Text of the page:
Naoya Arakawa, Maker of Japanese Glass Vessels
The creation process of Naoya Arakawa’s hand-blown glass pieces or “vessels of light” is innovative and unconventional, pulling knowledge and resources from the arts to engineering and the sciences.
Through long narrow roads encircled by lush green mountains and rice fields irrigated by nearby streams and rivers lies Naoya Arakawa’s family home and glass-blowing workshop.
The calm is suddenly interrupted by the sounds of shattering glass and clanging metal. Outside the workshop, there are stacks upon stacks of green and blue crates that almost camouflage into the sky and mountain. Inside is lively, organized but chaotic, and heavily stimulating. Definitely a must-have-closed-toe-shoes kind of place. There are exposed pipes, cords, and wires - of which some are connected to blow dryers, shattered glass pieces on the ground, and hot iron all around. But everything functions seamlessly. Naoya Arakawa and two apprentices, one trained and another a trainee, rhythmically pass around the blowpipe to one another in what feels like a 40-degree (100°F+) environment - each playing a part in making one unique glass piece.
To us amateurs, coming out of what feels like a battlefield only enhanced the serene natural landscape. The peaceful walk to Mr. Arakawa’s family home is enchanting, Opening the door, we immediately enter Mr. Arakawa’s world. His moving glass sculptures and other larger glass pieces are displayed on either side of the entryway. The home is furnished with woodwork made by artist friends. One memorable corner of the house is like a sunroom. Large windows that face the mountain allow natural light to cascade throughout the space. This area is his collection room with glasses of his own and of others, and old metal locomotive parts that he repurposes for his moving glass sculptures.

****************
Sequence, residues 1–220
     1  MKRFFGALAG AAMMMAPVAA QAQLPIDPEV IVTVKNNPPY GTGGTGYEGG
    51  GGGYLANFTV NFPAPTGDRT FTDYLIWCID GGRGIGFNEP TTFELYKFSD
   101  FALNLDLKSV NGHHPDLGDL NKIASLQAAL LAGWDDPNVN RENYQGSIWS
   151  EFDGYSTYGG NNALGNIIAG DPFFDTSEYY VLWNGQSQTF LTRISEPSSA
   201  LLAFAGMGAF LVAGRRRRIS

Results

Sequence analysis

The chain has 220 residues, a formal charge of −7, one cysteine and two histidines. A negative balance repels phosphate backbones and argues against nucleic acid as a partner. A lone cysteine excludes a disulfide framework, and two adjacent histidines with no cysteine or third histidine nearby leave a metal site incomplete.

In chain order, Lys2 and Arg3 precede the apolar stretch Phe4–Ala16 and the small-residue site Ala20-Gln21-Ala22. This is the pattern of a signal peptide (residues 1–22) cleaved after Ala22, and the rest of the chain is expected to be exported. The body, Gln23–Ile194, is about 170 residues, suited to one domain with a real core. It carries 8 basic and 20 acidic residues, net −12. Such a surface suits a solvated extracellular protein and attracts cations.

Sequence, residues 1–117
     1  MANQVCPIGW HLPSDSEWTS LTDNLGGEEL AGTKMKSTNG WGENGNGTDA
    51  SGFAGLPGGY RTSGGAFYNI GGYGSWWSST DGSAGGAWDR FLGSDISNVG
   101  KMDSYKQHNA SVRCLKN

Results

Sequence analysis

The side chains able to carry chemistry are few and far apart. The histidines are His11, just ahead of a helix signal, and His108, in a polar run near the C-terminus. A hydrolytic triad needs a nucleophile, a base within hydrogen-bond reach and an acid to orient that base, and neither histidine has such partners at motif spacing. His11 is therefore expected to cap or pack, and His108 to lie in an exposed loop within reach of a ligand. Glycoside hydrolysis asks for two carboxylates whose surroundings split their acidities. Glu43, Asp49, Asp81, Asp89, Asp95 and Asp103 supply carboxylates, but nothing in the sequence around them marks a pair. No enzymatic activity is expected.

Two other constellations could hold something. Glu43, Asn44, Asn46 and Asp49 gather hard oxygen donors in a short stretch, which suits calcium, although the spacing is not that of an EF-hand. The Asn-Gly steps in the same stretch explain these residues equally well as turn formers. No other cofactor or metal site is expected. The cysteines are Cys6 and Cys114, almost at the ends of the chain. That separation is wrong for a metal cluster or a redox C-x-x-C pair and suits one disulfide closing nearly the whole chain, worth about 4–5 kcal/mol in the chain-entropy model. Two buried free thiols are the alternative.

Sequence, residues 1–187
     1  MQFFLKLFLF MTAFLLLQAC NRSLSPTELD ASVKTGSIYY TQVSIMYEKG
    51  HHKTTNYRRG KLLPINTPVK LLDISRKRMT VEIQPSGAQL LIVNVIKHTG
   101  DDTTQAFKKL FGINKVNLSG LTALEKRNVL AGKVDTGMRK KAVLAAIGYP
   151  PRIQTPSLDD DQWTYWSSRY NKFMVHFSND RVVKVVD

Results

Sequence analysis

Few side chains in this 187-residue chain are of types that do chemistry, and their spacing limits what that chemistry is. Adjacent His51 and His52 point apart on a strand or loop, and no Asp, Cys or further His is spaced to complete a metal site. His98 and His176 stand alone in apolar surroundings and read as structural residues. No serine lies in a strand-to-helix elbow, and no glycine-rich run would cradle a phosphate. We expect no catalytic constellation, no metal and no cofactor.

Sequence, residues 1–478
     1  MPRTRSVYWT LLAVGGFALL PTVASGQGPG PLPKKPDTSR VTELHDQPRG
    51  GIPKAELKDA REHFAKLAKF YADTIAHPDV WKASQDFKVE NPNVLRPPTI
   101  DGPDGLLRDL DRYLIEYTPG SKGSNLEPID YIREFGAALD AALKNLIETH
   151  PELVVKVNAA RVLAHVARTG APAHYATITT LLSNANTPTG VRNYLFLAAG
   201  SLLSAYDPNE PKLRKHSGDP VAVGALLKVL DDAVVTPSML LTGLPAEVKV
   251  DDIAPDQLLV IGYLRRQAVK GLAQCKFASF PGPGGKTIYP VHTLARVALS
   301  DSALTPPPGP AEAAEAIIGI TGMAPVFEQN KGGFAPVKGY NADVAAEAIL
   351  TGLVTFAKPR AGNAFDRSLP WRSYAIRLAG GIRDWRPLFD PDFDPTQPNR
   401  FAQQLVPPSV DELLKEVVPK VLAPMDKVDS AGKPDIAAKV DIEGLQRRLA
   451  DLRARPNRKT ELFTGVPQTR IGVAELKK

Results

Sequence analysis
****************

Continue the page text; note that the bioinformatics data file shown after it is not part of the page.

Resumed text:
With an inclination toward handcrafting, seeking new frontiers, and inventing new ideas and systems, Mr. Arakawa entered university to study agricultural engineering. But very quickly he found some projects contradictory and not as beneficial to society as he had envisioned.
When trying to figure out what he should do instead, Mr. Arakawa noticed the white space in glassware. He felt that the experience of eating from Japanese wares while drinking from a European glass was like walking on tatami with heels. And thus found it difficult to find glassware that pairs with Japanese plates and bowls.
Among other reasons for pursuing a career in glass-making - it allows him to be experimental and pursue the unprecedented. The multi-talented artisan is simultaneously creative and highly systematic and process-driven. He hopes to continue his legacy by sharing foundational processes that can be replicated so that his apprentices can achieve similar success.
Watch Naoya Arakawa's interview below to learn more about where he talks about where he sources his inspiration and how he hopes to pass down his knowledge.
made by him
goes well with
Advanced Kintsugi Kit
STORIES BEHIND THE PIECES
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